However, a MEMRI investigation reveals that FM Zarif’s claim is false; in Khamenei’s original statements, which can be accessed on Khamenei’s official Persian-language website, Khamenei did indeed call the Holocaust a “myth.”

Furthermore, in mid-December 2013, Khamenei’s office re-released Khamenei’s 1998 statements of praise for the work of the late convicted French Holocaust denier Roger Garaudy, on the occasion of the anniversary of Garaudy’s 1998 trial in France.”

Read the rest of MEMRI’s report – including the original statements in Farsi – here.



BBC’s Marcus promotes ‘moderated’ Iranian Holocaust denial

Although it did not stay up for long, visitors to the BBC News website’s Middle East page on September 30th 2013 were offered the opportunity to read BBC diplomatic/defence correspondent Jonathan Marcus’ supercilious chiding of the Israeli government for not being in step with the latest fashion under the title “Iran-US ‘rapprochement’ challenges Israel’s Netanyahu” – presented under the heading “Features & Analysis”.

“In the United States this week, Prime Minister Netanyahu risks appearing like a ghost at the feast; a travelling salesman whose wares have lost their appeal; a man whose warnings against Iranian perfidy seem out of tune with the moment.”

Marcus Iran US 1

Although Marcus admits that the spectacle of smiles, soft phrasing and one phone call “has provoked a wave of euphoria among commentators and even some diplomats”, he does not offer any serious analysis on the subject of whether that “wave of euphoria” – also being ridden by the BBC – has any justification.

Revealingly, Marcus presents Israel as the lone party pooper out in the cold and in order to do that, he has to funnel the entire ‘Iranian issue’ into the packaging of a deal curbing Iran’s nuclear ambitions, whilst ignoring other no less relevant issues such as Iran’s support for Bashar Assad’s regime and its involvement in international terrorism. Significantly, he ignores the fact that even the media’s current favourite ‘Mr Nice Guy’ has clearly stated that he would “never give up his country’s right to enrich uranium“. 

Of course Israel is not the only country in the Middle East to be underwhelmed by the sight of Western politicians and journalists swooning over Hassan Rouhani like teenagers at a Justin Bieber concert – although BBC audiences are told nothing about that. The Bahraini foreign minister’s recent UN speech revealed some of that country’s concerns.

“…noting the need to inscribe organizations such as the Lebanese Hezbollah on the international list of terrorist organizations in view of their criminal terrorist acts aimed at terrorizing peaceful civilians and generating instability and chaos. ” […]

“The first among these challenges is the need to put an end to Iranian intervention in the internal affairs of the countries of the region and its occupation of the three Emirates’ islands: Greater Tunb, Lesser Tunb and Abu Musa”… 

Likewise, the press in other Gulf States – along with additional commentators – reflects concerns in other countries which are no less threatened by Iran’s nuclear ambitions than Israel.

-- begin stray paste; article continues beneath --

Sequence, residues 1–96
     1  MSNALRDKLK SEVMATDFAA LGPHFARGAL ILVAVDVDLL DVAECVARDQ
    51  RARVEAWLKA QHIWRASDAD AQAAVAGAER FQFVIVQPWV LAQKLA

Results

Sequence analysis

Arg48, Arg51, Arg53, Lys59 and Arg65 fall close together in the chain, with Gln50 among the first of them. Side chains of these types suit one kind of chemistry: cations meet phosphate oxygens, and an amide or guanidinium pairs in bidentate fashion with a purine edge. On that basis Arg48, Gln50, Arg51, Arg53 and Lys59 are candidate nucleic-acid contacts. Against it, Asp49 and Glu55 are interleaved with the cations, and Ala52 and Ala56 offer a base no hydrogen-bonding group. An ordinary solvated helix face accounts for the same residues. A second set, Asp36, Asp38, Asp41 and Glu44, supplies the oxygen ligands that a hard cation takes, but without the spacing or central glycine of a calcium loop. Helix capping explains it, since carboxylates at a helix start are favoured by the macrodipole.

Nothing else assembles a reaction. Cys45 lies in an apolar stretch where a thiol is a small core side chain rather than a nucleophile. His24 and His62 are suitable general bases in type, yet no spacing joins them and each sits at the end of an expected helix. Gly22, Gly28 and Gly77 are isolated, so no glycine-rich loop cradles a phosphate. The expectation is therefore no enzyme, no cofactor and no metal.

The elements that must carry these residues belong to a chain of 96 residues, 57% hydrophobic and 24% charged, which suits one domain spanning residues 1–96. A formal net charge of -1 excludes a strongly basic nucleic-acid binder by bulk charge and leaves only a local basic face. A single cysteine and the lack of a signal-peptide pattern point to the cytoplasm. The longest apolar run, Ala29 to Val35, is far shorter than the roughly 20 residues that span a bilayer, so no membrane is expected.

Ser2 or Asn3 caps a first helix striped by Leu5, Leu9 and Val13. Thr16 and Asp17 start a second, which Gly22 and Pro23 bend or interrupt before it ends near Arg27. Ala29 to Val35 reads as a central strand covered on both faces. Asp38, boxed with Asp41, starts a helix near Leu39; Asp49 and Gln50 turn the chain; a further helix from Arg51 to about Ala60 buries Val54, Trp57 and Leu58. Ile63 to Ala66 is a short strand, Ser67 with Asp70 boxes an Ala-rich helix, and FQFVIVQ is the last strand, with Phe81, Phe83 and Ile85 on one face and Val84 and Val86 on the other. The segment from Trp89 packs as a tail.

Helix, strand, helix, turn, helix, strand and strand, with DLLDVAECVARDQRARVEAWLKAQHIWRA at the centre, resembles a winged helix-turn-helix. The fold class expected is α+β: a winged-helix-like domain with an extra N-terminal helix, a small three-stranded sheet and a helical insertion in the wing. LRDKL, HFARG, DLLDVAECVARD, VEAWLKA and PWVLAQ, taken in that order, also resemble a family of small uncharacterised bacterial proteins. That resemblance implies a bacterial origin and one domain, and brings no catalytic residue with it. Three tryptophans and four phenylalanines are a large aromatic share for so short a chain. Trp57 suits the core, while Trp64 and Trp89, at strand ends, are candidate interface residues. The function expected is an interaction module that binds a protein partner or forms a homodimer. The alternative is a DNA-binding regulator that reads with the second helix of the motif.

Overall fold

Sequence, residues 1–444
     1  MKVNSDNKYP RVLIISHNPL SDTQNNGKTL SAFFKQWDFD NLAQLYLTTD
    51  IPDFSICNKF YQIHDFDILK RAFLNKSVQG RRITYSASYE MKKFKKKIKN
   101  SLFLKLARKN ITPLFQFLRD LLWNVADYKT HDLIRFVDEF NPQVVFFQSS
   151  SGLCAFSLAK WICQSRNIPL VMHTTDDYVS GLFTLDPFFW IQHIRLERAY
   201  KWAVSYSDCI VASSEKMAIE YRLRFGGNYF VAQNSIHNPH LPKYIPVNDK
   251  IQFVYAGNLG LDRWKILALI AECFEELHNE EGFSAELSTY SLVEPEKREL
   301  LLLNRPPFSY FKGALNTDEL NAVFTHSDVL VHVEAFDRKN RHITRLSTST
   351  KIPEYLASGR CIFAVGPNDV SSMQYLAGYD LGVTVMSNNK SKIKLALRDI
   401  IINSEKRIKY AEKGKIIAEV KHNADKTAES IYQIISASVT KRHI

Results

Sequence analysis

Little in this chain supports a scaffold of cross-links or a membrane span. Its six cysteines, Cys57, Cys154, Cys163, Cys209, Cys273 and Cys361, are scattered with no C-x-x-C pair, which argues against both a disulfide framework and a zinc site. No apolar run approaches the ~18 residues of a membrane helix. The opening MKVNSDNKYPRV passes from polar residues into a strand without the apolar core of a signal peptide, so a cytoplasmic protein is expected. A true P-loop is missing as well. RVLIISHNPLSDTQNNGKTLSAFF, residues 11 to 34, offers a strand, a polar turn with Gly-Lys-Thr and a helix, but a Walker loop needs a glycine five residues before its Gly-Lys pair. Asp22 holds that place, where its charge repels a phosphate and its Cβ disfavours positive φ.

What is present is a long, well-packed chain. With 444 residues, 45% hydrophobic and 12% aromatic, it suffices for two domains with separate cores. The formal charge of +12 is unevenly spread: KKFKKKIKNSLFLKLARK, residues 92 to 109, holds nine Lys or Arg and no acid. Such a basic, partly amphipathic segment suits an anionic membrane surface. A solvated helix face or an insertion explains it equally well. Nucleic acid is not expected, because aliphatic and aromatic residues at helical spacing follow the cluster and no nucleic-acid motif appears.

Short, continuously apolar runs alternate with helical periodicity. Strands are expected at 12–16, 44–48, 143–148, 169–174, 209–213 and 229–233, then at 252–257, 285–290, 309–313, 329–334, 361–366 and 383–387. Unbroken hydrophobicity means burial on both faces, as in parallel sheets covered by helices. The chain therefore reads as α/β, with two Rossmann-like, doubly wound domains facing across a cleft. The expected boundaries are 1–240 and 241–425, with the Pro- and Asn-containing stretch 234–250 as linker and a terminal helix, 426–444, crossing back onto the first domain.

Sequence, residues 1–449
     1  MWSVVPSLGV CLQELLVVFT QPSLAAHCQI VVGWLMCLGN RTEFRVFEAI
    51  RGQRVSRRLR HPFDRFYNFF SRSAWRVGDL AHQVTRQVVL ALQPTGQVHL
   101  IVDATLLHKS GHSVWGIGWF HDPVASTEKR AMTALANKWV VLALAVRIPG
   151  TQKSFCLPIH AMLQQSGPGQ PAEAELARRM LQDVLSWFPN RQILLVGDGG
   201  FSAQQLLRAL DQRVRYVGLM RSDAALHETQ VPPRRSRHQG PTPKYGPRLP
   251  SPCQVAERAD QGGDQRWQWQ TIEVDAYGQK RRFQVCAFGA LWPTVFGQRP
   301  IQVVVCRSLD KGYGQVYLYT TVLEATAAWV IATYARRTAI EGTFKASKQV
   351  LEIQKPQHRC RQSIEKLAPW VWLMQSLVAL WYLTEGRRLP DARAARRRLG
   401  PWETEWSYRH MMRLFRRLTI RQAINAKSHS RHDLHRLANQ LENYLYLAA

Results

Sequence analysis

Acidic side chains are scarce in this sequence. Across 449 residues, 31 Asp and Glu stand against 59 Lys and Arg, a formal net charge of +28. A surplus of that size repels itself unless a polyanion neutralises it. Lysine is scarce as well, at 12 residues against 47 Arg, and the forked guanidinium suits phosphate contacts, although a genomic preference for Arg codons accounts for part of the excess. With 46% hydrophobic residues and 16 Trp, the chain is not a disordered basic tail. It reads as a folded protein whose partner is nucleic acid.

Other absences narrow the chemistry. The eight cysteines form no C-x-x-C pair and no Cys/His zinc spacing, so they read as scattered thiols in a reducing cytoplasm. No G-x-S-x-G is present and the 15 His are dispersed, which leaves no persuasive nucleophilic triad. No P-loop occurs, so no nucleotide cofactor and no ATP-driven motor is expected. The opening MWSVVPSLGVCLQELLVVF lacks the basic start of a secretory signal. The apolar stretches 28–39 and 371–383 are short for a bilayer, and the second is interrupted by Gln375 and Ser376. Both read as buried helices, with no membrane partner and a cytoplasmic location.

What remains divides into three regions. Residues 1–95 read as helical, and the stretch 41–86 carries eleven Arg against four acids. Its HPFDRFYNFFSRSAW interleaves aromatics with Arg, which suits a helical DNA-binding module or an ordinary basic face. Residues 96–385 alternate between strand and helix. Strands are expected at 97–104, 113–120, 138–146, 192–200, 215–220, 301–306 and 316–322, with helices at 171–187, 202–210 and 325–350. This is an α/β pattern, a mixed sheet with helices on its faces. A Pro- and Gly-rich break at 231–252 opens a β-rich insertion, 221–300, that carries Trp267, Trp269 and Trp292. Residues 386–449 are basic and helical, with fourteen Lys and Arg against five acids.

“Saudis now feel that the Obama administration is disregarding Saudi concerns over Iran and Syria, and will respond accordingly in ignoring “U.S. interests, U.S. wishes, U.S. issues” in Syria, said Mustafa Alani, a veteran Saudi security analyst with the Geneva-based Gulf Research Center.”

The most notable paragraph in Marcus’ article, however, is this one, which comes under the interesting sub-heading of “‘Unhealthy’ negativity”: [emphasis added]

“Prime Minister Netanyahu instructed Israeli diplomats to absent themselves from the UN chamber when President Rouhani was speaking. Iranian comments moderating their long-standing denial of the Holocaust perpetrated against the Jews by the Nazis during World War II won Tehran few brownie points in Israel.”

Marcus Iran US 2

Marcus – in line with many of his colleagues in the media – appears to have persuaded himself that a few recent strategically chosen words and phrases, uttered by less than a handful of dignitaries, signify a “moderating” of Iranian Holocaust denial for which Israelis should be grateful – and he now seeks to herd his readers towards the same conclusion.

Marcus’ interpretation of comments made by Hassan Rouhani and his foreign minister is of course based on what might be politely called selective hearing. Ten days before the appearance of Marcus’ article the BBC News website published an item on Rouhani’s NBC interview in which it completely ignored the parts of the conversation relating to the Holocaust.

“…he deflected a question from NBC News’ Ann Curry about whether he believed that the Holocaust was “a myth.”

“I’m not a historian. I’m a politician,” he replied. “What is important for us is that the countries of the region and the people grow closer to each other, and that they are able to prevent aggression and injustice.” “

Rouhani’s “I’m not a historian” line appeared again in a later controversial interview with CNN which received partial coverage from the BBC with no mention of Rouhani’s subsequent remarks which revealed little in the way of “moderation”, at best clearly questioning the scale of the Holocaust.

“Therefore, what the Nazis did is condemnable. The dimensions of it which you say, is the responsibility of historians and researchers to make those dimensions clear. I am not a historian myself.

However, this point should be clear: If a crime took place, that crime should not be a cover for a nation or group to justify their crimes or oppression against others. Therefore, if the Nazis committed a crime, and however much it was, we condemn that, because genocide or mass murder is condemned.